And perhaps SAXO Bank will hit bullseye with their number one Outrageous Predictions for 2011:

“As we move into the second half of 2011, politicians and pundits increasingly succeed in putting the Fed in the hot seat for having been the critical enabler of the US housing debacle and resulting bank bailout and public debt catastrophe. Meanwhile, the too-big-to-fail banks are back in deep trouble again as their troubled mortgage portfolios once again threaten their solvency. The Fed‟s Bernanke rallies the FOMC to indicate a strong new expansion of monetary policy to once again bail out the troubled banks and/or local governments. Emboldened by the political and popular winds blowing, however, a Ron Paul led challenge of the Fed‟s authority sees the Congress blocking the Fed‟s authority to expand its balance sheet, and sets up an eventual challenge of the Fed’s dual employment/inflation mandate.”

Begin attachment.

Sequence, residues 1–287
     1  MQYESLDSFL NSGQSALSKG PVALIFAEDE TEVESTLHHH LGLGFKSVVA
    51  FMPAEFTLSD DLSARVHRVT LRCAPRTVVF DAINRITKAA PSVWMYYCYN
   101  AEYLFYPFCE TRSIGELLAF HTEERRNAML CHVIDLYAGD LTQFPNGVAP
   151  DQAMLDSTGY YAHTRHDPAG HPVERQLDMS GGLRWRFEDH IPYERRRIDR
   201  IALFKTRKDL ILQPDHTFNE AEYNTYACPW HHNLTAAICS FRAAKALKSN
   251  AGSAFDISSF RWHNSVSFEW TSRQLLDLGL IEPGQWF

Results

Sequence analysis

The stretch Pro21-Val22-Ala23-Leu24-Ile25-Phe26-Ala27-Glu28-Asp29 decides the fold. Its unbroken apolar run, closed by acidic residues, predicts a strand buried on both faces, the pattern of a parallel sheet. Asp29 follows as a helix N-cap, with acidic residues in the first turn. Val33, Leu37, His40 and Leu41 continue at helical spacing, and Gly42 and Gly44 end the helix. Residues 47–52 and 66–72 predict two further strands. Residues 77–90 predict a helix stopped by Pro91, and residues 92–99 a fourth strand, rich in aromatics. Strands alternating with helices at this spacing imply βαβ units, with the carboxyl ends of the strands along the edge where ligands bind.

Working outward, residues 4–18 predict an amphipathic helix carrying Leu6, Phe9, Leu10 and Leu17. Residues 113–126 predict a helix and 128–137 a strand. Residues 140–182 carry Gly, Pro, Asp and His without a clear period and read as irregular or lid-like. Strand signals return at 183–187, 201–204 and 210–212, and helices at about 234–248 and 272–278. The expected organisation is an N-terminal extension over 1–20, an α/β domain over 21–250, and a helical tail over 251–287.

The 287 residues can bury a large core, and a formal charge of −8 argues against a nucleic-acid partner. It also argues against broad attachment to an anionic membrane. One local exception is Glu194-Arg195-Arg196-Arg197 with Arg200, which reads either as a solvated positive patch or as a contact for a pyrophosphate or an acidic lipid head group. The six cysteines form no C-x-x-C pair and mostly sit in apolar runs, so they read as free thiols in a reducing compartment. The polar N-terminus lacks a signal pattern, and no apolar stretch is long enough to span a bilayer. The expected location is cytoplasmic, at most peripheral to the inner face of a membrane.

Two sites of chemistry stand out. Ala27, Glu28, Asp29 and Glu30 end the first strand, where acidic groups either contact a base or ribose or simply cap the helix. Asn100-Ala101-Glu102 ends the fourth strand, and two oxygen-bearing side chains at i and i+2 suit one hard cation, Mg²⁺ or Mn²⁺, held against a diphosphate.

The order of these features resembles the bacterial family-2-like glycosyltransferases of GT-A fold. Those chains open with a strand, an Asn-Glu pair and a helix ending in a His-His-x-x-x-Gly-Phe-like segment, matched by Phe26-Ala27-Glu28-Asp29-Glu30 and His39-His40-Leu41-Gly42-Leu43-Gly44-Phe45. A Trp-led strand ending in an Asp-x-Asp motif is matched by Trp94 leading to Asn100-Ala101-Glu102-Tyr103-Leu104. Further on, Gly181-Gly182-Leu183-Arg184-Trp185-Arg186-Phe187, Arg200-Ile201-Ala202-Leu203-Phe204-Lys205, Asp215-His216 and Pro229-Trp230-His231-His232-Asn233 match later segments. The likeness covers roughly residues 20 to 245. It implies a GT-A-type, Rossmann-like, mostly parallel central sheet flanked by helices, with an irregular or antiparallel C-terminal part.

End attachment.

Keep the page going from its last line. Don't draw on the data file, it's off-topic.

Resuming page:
Related by the Econotwist’s:


Filed under International Econnomic Politics, Laws and Regulations, National Economic Politics

Joe Biden: "USA er i en depresjon"

Joe Biden, U.S. Senator from Delaware.
Image via Wikipedia





















“My grandpop used to say: When the guy in Minooka’s out of work, it’s an economic slowdown. When your brother- in-law’s out of work, it’s a recession. When you’re out of work, it’s a depression.”

Det sier USAs visepresident Joe Biden på denne videoen som ble offentliggjort tirsdag av den konservative radioverten Sean Hannity på Fox News.

Opptaket er fra en debatt i Kongressen, men det er uklart når opptaket ble gjort.